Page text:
LOS ANGELES - As COVID-19 numbers continue to improve in Los Angeles County, and with more restrictions likely to be lifted in coming weeks, the county's public health director has warned that while an end to the pandemic is in sight, it's not over yet.
"Our biggest worry is, of course, that people will relax too much, decide not to wear their face mask, decide not to keep their distance, decide to go back to having big parties,'' Barbara Ferrer said Wednesday during a virtual briefing. "We're just not there yet. None of that would be safe at this point, and all of it can cause spread.''
Her warning came amid continuing downward trends in COVID-19 cases and
hospitalizations, but with daily deaths regularly topping 100 and more variants of the virus appearing that could more quickly spread through a community still struggling to get fully vaccinated.
Ferrer said the county has now confirmed the first case of a COVID variant first discovered in Brazil, and the number of cases of a variant that originated in the United Kingdom has shot up to 27, a 50% jump from the 18 cases known as of last week. And a California variant is becoming increasingly dominant, with county officials detecting the mutation in 31 of 55 specimens that were specifically tested for it.
"We still have a lot of community transmission,'' Ferrer said. "We still have variants that are dominating that are thought to be more infectious, that's the California variant, and an increased probability that we have more of the UK variant circulating as well. So our work is not done.''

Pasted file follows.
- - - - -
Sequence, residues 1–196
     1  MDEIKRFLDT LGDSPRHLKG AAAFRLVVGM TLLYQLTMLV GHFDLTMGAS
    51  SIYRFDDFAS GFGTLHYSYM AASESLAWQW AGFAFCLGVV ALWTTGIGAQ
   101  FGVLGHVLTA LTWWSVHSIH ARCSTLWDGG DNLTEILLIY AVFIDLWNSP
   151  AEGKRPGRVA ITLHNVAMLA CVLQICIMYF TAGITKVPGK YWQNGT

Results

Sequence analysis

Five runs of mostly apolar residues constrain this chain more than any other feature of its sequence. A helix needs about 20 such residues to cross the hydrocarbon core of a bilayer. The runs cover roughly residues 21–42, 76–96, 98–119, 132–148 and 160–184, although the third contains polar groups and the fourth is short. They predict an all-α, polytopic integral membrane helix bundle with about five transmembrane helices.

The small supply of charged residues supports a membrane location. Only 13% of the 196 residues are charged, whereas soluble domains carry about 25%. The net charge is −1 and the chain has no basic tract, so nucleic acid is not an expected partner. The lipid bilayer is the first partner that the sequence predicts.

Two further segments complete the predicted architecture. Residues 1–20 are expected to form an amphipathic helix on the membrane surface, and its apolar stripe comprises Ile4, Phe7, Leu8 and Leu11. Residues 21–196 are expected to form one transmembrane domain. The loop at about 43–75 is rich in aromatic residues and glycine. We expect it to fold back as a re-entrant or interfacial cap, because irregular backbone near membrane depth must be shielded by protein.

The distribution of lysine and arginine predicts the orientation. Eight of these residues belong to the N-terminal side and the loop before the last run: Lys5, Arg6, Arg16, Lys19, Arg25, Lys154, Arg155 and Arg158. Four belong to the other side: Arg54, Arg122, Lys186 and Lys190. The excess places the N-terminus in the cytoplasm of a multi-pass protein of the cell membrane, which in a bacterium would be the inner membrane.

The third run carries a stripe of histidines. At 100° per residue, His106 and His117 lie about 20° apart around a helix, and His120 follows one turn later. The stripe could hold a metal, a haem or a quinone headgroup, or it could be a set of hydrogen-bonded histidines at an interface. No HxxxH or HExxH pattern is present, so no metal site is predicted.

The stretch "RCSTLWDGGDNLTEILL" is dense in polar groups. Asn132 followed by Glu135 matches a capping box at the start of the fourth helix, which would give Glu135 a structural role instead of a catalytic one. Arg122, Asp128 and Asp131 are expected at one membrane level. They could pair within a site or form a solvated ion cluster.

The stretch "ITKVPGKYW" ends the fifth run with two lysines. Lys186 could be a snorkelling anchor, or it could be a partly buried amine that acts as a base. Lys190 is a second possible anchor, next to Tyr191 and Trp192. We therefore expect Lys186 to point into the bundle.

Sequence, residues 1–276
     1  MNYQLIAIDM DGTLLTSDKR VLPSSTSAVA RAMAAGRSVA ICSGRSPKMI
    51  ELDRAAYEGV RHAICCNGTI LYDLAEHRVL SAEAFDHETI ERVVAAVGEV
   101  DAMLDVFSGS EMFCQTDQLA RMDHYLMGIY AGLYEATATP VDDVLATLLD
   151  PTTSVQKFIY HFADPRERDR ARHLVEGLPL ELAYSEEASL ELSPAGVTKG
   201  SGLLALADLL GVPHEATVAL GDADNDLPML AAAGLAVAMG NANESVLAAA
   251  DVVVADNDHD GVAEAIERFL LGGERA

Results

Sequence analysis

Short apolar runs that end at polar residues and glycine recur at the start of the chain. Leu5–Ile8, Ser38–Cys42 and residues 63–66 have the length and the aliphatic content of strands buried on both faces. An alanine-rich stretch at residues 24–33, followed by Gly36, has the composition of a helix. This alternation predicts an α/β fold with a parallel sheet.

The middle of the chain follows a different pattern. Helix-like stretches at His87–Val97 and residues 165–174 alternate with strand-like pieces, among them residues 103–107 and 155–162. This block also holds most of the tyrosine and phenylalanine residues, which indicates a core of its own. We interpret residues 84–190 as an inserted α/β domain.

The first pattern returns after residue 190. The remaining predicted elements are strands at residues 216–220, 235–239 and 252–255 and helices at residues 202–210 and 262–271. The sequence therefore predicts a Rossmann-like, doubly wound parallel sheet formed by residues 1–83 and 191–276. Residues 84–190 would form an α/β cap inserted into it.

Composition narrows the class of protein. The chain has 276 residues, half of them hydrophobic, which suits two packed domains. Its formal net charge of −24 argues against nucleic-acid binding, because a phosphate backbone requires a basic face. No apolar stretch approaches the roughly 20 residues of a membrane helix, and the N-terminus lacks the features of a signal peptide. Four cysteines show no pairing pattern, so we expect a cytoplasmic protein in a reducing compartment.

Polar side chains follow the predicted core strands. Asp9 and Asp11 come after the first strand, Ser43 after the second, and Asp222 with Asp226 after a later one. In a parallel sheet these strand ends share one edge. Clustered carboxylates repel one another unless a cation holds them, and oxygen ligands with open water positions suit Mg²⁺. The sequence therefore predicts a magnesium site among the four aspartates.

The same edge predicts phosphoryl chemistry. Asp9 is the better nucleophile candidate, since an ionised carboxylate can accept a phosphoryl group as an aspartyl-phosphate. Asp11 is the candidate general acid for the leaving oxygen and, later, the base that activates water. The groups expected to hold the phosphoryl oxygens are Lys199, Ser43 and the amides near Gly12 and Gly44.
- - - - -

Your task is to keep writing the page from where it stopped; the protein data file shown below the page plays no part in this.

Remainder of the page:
She said news that vaccine supplies are expected to vastly increase in the coming months -- beginning next week with the anticipated arrival of the first doses of the single-dose Johnson & Johnson vaccine -- means an end is in sight. But people can't abandon all infection-control measures before reaching the finish line.
Meanwhile, in a major policy shift, state officials on Wednesday night said they will now devote 40% of available vaccines to people in disadvantaged areas, according to a published report.
The Los Angeles Times said that, after 400,000 doses are administered to people in the state's hardest-hit areas, the state also plans to significantly relax rules for counties to exit the most restrictive tier of the state's four-level reopening blueprint. The change comes amid continuing evidence that Black and Latino communities are lagging in gaining access to vaccinations.
Los Angeles County is on track to exit the restrictive purple tier of the state's four-level economic-reopening road map by late March. If it advances to the less-restrictive red tier, more businesses could be cleared to open, including indoor dining, movie theaters and fitness centers, all at limited capacity.
Figures released by the state Tuesday put the county's adjusted average daily rate of new COVID-19 infections at 7.2 per 100,000 residents. If that number falls to 7 per 100,000 residents and stays at that level for two weeks, the county will be able to move out of the restrictive purple tier of the state's "Blueprint for a Safer Economy,'' and into the red tier. The county already meets the other two required metrics -- with an average testing-positivity rate of just 3.5% and a "health equity quartile'' of 5.1% -- to advance to the red tier.
Ferrer noted that in addition to allowing more businesses to open, moving to the red tier would also allow in-person instruction to resume for students in grades 7-12. The county already meets the requirements for in-person classes for pre-kindergarten through sixth grade.